Alkyl-Resorcinol Derivatives as Inhibitors of GDP-Mannose Pyrophosphorylase with Antileishmanial Activities
Molecules 2021, 26(6), 1551; https://0-doi-org.brum.beds.ac.uk/10.3390/molecules26061551 - 11 Mar 2021
Viewed by 811
Abstract
Leishmaniasis is a vector-borne disease caused by the protozoan parasite Leishmania found in tropical and sub-tropical areas, affecting 12 million people around the world. Only few treatments are available against this disease and all of them present issues of toxicity and/or resistance. In [...] Read more.
Leishmaniasis is a vector-borne disease caused by the protozoan parasite Leishmania found in tropical and sub-tropical areas, affecting 12 million people around the world. Only few treatments are available against this disease and all of them present issues of toxicity and/or resistance. In this context, the development of new antileishmanial drugs specifically directed against a therapeutic target appears to be a promising strategy. The GDP-Mannose Pyrophosphorylase (GDP-MP) has been previously shown to be an attractive therapeutic target in Leishmania. In this study, a chemical library of 5000 compounds was screened on both L. infantum (LiGDP-MP) and human (hGDP-MP) GDP-MPs. From this screening, oncostemonol D was found to be active on both GDP-MPs at the micromolar level. Ten alkyl-resorcinol derivatives, of which oncostemonols E and J (2 and 3) were described for the first time from nature, were then evaluated on both enzymes as well as on L. infantum axenic and intramacrophage amastigotes. From this evaluation, compounds 1 and 3 inhibited both GDP-MPs at the micromolar level, and compound 9 displayed a three-times lower IC50 on LiGDP-MP, at 11 µM, than on hGDP-MP. As they displayed mild activities on the parasite, these compounds need to be further pharmacomodulated in order to improve their affinity and specificity to the target as well as their antileishmanial activity. Full article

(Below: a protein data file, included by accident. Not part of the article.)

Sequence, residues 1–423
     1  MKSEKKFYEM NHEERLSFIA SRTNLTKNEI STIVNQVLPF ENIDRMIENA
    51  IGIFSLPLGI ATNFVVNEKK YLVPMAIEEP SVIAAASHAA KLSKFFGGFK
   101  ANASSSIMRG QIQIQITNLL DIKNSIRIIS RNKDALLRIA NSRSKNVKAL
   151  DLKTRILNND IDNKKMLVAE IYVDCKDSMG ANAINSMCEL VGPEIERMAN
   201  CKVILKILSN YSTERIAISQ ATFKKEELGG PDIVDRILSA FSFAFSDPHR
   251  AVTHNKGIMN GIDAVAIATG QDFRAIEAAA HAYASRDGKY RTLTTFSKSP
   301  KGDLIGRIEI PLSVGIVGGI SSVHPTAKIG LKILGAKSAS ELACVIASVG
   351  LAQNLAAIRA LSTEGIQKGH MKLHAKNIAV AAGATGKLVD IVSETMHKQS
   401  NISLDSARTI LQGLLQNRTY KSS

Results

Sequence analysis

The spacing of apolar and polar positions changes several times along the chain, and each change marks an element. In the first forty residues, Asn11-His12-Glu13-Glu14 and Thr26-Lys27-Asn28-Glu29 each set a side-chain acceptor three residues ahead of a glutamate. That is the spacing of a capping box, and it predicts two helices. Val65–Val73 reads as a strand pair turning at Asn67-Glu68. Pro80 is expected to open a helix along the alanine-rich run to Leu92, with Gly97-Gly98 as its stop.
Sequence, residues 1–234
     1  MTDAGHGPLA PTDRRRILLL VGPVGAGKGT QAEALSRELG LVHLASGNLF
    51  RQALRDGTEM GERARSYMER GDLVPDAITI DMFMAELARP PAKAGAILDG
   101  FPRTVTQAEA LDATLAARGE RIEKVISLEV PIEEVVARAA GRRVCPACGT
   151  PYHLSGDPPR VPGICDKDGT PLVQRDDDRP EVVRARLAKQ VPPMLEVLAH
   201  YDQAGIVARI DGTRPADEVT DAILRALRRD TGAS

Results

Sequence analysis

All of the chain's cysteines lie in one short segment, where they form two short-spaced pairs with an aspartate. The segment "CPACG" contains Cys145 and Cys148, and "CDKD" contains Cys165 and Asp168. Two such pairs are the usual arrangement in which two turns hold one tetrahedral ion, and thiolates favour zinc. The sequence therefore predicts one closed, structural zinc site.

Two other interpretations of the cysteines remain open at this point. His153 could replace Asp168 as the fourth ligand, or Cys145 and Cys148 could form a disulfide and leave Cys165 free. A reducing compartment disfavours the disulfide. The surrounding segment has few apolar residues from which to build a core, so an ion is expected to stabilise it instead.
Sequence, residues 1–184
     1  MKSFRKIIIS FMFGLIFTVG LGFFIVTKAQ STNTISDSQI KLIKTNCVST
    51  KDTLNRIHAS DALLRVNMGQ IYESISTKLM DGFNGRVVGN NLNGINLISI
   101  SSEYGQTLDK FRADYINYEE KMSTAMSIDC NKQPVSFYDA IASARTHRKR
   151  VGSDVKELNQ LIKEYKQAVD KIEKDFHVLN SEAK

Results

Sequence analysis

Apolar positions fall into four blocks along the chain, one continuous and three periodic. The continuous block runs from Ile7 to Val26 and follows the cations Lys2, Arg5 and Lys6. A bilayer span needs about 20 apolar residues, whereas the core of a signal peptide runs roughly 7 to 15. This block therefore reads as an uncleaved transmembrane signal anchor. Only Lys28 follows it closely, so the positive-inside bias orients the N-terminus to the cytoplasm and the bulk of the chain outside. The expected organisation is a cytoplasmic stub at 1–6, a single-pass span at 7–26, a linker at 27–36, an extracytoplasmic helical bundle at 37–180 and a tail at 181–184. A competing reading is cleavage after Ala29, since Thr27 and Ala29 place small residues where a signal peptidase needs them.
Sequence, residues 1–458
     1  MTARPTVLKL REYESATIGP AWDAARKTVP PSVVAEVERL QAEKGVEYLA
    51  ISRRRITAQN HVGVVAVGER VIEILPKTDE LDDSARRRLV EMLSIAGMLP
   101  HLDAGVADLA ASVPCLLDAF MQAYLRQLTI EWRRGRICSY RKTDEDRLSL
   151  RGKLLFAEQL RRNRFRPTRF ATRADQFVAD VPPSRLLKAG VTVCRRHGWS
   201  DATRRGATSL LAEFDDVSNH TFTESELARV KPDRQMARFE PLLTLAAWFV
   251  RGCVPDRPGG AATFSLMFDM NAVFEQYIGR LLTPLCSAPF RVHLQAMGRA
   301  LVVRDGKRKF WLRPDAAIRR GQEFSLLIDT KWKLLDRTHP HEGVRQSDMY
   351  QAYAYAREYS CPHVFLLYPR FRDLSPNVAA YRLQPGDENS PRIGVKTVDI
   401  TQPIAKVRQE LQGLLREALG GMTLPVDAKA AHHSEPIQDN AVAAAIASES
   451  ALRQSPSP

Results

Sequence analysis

(This article belongs to the Special Issue Emerging molecules for leishmaniasis therapy)
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Review

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Review
Colombian Contributions Fighting Leishmaniasis: A Systematic Review on Antileishmanials Combined with Chemoinformatics Analysis
Molecules 2020, 25(23), 5704; https://0-doi-org.brum.beds.ac.uk/10.3390/molecules25235704 - 03 Dec 2020
Cited by 1 | Viewed by 1018
Abstract
Leishmaniasis is a parasitic morbid/fatal disease caused by Leishmania protozoa. Twelve million people worldwide are appraised to be currently infected, including ca. two million infections each year, and 350 million people in 88 countries are at risk of becoming infected. In Colombia, cutaneous [...] Read more.
Leishmaniasis is a parasitic morbid/fatal disease caused by Leishmania protozoa. Twelve million people worldwide are appraised to be currently infected, including ca. two million infections each year, and 350 million people in 88 countries are at risk of becoming infected. In Colombia, cutaneous leishmaniasis (CL) is a public health problem in some tropical areas. Therapeutics is based on traditional antileishmanial drugs, but this practice has several drawbacks for patients. Thus, the search for new antileishmanial agents is a serious need, but the lack of adequately funded research programs on drug discovery has hampered its progress. Some Colombian researchers have conducted different research projects focused on the assessment of the antileishmanial activity of naturally occurring and synthetic compounds against promastigotes and/or amastigotes. Results of such studies have separately demonstrated important hits and reasonable potential, but a holistic view of them is lacking. Hence, we present the outcome from a systematic review of the literature (under PRISMA guidelines) on those Colombian studies investigating antileishmanials during the last thirty-two years. In order to combine the general efforts aiming at finding a lead against Leishmania panamensis (one of the most studied and incident parasites in Colombia causing CL) and to recognize structural features of representative compounds, fingerprint-based analyses using conventional machine learning algorithms and clustering methods are shown. Abstraction from such a meta-description led to describe some function-determining molecular features and simplify the clustering of plausible isofunctional hits. This systematic review indicated that the Colombian efforts for the antileishmanials discovery are increasingly intensified, though improvements in the followed pathways must be definitively pursued. In this context, a brief discussion about scope, strengths and limitations of such advances and relationships is addressed. Full article
(This article belongs to the Special Issue Emerging molecules for leishmaniasis therapy)